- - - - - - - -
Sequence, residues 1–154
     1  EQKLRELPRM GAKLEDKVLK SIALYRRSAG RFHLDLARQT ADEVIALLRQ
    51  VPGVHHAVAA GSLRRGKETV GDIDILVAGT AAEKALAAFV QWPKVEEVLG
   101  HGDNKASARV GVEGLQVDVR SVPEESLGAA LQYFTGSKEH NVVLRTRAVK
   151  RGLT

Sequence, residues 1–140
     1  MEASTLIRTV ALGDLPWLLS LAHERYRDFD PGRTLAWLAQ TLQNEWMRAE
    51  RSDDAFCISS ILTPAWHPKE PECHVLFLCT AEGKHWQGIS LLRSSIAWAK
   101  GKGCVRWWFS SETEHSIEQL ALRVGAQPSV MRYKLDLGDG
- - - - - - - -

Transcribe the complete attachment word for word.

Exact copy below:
Sequence, residues 1–154
     1  EQKLRELPRM GAKLEDKVLK SIALYRRSAG RFHLDLARQT ADEVIALLRQ
    51  VPGVHHAVAA GSLRRGKETV GDIDILVAGT AAEKALAAFV QWPKVEEVLG
   101  HGDNKASARV GVEGLQVDVR SVPEESLGAA LQYFTGSKEH NVVLRTRAVK
   151  RGLT

Sequence, residues 1–140
     1  MEASTLIRTV ALGDLPWLLS LAHERYRDFD PGRTLAWLAQ TLQNEWMRAE
    51  RSDDAFCISS ILTPAWHPKE PECHVLFLCT AEGKHWQGIS LLRSSIAWAK
   101  GKGCVRWWFS SETEHSIEQL ALRVGAQPSV MRYKLDLGDG